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Published on: Feb. 14, 2023, 2:59 p.m.
Royal’s play in Tripura
  • The Tipra Motha is spearheading the demand for a separate state

By Rakesh Joshi. Executive Editor, Business India

The demand for a separate state of Greater Tipraland, carved out of the tribal areas of Tripura, has put national parties on tenterhooks. Of the 60 assembly constituencies in Tripura, as many as 20 are reserved for Scheduled Tribes (ST). In 2018, eight of these seats were bagged by the Indigenous People’s Front of Tripura (IPFT), 10 by the BJP and two by the CPI (M).

But, now it would appear that the ST votes are consolidating in favour of the Tipraha Indigenous Progressive Regional Alliance (TIPRA) Motha, which is spearheading the demand for a separate state. The outfit is led by Pradyot Bikram Manikya Deb Barman, a former Congressman, who belongs to the Manikya dynasty, which once ruled Tripura.

Barman’s political importance can be gauged from the fact that he recently received a call from ministry of home affairs for talks on his party’s demand for a constitutional solution to demand of Greater Tipraland. Barman subsequently met Union Home Minister Amit Shah in New Delhi. Clearly, the BJP was not confident of coming to power on its own. Hence, the parleys with Barman, which came to nought. As Barman was once in talks with Congress and the CPI (M), Shah is now attacking him as a stooge of the latter.

The election in Tripura is set to be a three-cornered contest this time. The Indigenous People’s Front of Tripura (IPFT), which once called the shots in the tribal areas, stands diminished and the BJP is facing strong headwinds, while the CPI (M) and the Congress are in an alliance, which was inconceivable in the past. Due to the rising popularity of Tipra Motha in tribal areas, Barman is being seen as a future kingmaker. 

Barman’s interesting past

The princely state of Tripura was once ruled by the Manikya dynasty, belonging to the Tripuri or Tiprasa community, from the late 13th century until the signing of the Instrument of Accession with the Indian government on 15 October 1949. At the time, Barman’s father Kirit Bikram Manikya held Tripura’s reigns, though he was still a minor. Later, both Kirit Bikram and his wife Bibhu Kumari Devi were elected as Lok Sabha MPs from the Congress.

Barman himself has served as the Congress’ working president before resigning in September 2019. He has an interesting past, including that as founder-editor of The Northeast Today, a magazine targeted at English readers in North-eastern states. He is a vocal critic of the Armed Forces Special Powers Act (AFSPA) and is a prolific guest speaker at universities, the most notable being Harvard.

The demand stems from a desire for an ethnic homeland for indigenous communities in the region, who have been reduced to minorities after the influx of Bengalis in the area during Partition. There was also another influx during the 1971 liberation war in Bangladesh.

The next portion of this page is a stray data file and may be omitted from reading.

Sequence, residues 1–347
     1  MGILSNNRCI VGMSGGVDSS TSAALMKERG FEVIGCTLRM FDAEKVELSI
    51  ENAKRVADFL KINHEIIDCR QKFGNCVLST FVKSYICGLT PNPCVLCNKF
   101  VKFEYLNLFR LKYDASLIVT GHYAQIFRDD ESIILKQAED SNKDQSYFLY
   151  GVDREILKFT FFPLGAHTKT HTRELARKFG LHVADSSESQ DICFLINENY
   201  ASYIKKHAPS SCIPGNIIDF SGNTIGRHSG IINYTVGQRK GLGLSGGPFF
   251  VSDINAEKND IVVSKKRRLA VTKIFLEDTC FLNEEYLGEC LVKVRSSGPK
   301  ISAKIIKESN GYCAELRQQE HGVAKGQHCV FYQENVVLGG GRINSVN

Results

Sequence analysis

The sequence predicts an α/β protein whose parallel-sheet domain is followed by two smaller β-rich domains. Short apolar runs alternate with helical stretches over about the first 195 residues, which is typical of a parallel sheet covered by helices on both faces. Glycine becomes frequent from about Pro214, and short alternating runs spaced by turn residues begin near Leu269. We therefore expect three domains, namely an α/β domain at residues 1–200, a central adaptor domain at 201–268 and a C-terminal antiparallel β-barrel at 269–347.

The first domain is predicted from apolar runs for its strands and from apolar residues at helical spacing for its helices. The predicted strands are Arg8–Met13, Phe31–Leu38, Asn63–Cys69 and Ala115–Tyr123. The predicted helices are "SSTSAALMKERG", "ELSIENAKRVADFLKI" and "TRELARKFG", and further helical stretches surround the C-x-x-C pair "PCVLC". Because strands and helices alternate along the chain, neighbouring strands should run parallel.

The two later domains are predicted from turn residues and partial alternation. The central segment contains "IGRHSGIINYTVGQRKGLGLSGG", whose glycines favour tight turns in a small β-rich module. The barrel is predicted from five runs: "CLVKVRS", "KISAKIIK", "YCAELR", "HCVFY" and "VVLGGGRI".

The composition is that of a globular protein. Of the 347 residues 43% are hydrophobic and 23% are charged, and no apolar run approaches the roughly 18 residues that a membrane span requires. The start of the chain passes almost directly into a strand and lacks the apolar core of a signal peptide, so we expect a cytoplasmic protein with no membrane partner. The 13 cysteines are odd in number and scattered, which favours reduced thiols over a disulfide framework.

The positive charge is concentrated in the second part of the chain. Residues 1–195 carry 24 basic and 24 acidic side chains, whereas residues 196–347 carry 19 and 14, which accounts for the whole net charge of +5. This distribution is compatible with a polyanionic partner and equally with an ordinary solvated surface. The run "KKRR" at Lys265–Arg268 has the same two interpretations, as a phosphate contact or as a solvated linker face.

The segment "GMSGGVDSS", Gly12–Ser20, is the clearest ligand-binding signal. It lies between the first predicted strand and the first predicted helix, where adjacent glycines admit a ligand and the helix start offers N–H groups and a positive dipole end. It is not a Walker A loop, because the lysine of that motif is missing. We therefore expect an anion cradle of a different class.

• The demand stems from a desire for an ethnic homeland for indigenous communities in the region, who have been reduced to minorities after the influx of Bengalis in the area during Partition

This is not the first time that a demand for a separate state has been raised in the state, with the IPFT raising the call in 2000. Two years later, they merged with the Tripura Upajati Juba Samiti (TUJS), giving birth to the Indigenous Nationalist Party of Twipra (INPT). However, the IPFT was revived in 2009 by N.C. Deb Barma. The IPFT-BJP alliance was successful and Deb Barma was a minister in the coalition government until his death in January 2022.

Now, the demand is being spearheaded by the Tipra Motha, which has spurned an alliance with all parties, saying they want their demand for a separate state to be acknowledged in writing beforehand. Greater Tipraland will help protect the culture and rights of tribals, Barman feels, and he wants his demands to be fulfilled under Articles 2 and 3 of the Indian Constitution. 

The Tipra Motha has seen a spectacular rise, bagging 18 of 28 seats in the Tripura Tribal Areas Autonomous District Council (TTADC) in 2021. There were talks of an IPFT-Tipra Motha alliance but Barman’s party has now announced that it will contest 42 out of the 60 seats, going solo. 

While the central leadership of the BJP have rejected the demand for Greater Tipraland on the ground that it will open a Pandora’s box, some regional party leaders have embarrassed the leadership by seeking division of neighbouring West Bengal and demanded a separate state for north Bengal. In the past few years, several BJP leaders, including John Barla, MP, have demanded that north Bengal be made a separate state or a Union Territory be carved out of the region. 

The Trinamool Congress had latched on to the issue to put the BJP on the mat. “They have double standards,” says Udayan Guha, North Bengal Development minister. “Why is there a different mentality for West Bengal and another for Tripura?”

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